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DREAM Act hits home with CSULB

“Graduation Begins Today,” is a well- known slogan to students of Cal State Long Beach. Posted throughout campus on banners and light posts, the phrase is meant to remind students they need to work toward graduating.

However, this message does not always apply to the entire student body. For many, graduation is not within reach because of their immigration status in the United States.

Although graduation may not “begin today,” many students throughout California and at CSULB finally gained a sense of hope after Gov. Jerry Brown signed the second half of the state’s DREAM Act.

The act, which stands for Development, Relief and Education for Alien Minors, was first introduced in 2001 and has two parts: AB 130 and AB 131.

AB 130 was signed into law in July and allows undocumented students to apply for private financial aid and scholarships. AB 131, the second half signed recently, allows undocumented students access to state financial aid at public universities and community colleges.

Last Wednesday, Tony Ortuno was one of five students arrested for engaging in civil disobedience.

The five demonstrators, all part of “The Dream Team,” were in downtown Los Angeles demanding administrative relief from the Obama administration.

Ortuno said he believes that his status as an undocumented immigrant should not affect his involvement in demonstrations and outreach.

And, although this involvement and his legal status may lead to arrest and ultimately deportation, Ortuno said the risk is necessary.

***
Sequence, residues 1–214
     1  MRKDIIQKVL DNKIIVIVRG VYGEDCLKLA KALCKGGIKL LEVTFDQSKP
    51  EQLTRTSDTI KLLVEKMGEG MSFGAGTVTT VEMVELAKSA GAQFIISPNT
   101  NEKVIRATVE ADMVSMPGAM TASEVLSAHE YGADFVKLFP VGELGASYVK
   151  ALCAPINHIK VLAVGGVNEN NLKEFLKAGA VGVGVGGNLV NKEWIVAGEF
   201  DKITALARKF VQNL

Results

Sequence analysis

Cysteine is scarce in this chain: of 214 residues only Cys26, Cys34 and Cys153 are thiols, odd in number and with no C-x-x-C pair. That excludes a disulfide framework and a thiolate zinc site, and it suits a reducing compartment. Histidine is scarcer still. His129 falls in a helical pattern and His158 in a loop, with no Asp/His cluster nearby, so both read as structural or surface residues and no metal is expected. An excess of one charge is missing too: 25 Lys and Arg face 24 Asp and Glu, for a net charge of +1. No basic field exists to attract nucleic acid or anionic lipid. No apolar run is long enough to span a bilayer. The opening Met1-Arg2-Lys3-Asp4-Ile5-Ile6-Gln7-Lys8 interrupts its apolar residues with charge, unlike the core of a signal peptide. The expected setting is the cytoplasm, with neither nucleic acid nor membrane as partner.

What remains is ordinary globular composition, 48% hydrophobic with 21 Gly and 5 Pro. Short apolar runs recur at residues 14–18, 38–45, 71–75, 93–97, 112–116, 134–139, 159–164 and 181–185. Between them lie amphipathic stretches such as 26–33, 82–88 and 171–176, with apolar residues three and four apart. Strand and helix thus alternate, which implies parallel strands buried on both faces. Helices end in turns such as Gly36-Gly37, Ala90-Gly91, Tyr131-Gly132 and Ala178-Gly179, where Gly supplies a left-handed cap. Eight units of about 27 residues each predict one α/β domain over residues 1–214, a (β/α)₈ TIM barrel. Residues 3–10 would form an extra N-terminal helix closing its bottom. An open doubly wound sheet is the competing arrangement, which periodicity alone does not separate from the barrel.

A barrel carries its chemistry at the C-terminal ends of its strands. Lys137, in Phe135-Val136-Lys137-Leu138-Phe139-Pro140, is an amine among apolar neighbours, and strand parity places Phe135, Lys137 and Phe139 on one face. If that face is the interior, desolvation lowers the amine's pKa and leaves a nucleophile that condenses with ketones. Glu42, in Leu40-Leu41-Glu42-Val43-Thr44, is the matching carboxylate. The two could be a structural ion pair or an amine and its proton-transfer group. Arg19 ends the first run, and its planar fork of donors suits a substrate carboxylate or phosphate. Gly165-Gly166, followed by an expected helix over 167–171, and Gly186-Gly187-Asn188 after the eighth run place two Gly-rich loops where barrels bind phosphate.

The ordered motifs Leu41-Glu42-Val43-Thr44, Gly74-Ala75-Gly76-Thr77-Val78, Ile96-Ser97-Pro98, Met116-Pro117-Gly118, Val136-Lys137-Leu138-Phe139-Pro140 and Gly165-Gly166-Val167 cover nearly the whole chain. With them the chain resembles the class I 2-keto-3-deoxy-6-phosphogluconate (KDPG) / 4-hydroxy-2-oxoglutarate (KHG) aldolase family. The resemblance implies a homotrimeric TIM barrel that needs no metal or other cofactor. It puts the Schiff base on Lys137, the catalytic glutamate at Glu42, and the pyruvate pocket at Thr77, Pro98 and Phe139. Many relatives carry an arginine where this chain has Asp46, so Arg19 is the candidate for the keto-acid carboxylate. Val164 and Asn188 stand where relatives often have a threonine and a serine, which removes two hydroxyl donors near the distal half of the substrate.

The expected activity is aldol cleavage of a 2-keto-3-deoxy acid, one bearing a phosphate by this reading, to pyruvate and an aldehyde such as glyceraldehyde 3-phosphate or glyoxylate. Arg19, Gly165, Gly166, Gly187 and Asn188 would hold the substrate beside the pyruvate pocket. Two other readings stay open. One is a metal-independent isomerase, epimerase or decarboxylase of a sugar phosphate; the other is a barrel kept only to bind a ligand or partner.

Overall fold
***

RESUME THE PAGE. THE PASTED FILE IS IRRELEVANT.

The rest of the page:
“In taking that risk, it was more about taking a stand for myself and taking a stand for my sister, who is also undocumented, and for my community,” he said. “It’s for the students who have been arrested in the past, to show that this movement will keep going until we receive something from the administration that promised us the Dream Act but failed to deliver.”

Gloria Inzuza-Franco, director of Mi Casa: Mi Universidad, works closely with many AB-540 students from CSULB who are directly impacted by the DREAM Act. AB-540, which was passed in 2001, allowed certain undocumented students to pay in-state tuition instead of out-of-state tuition.

“We have so many young adults who are so committed and work really hard and take so many units eachsemester to get their money’s worth because funding their education is a huge challenge,” Inzuza-Franco said. “The sad part of it is that they are working so hard with very little available to them at the end of that journey, so they end up with a Bachelor’s degree, but they don’t have the opportunity for employment because they are not permanent residents.”

She said the DREAM Act is a necessity for many students across the U.S.

Dario Fernandez, a former AB 540 student knows the difficulties of being an undocumented student. Now, working with Mi Casa: Mi Universidad, Fernandez helps students out in similar situations.

Fernandez said undocumented students are more common than people think.

“They are already in your classes, you might not know about it, you might have a study group with them, they might be your friend; But they might not have ousted themselves with their legal status,” he said.

Fernandez, regardless of status, said the DREAM Act is an issue of fairness and equity in a person’s pursuit of education and he sees hope for the future of undocumented students in the U.S.

“They don’t get the Cal Grants or the Pell Grants from the federal government,” Fernandez said. “They pay into it, they pay the tuition that’s going to go into it, your Cal Grant, but they are not going to get the benefit of getting an award, Cal Grant A or B, anything like that. So they are paying into the system but they are not receiving any rewards from [it].”

 


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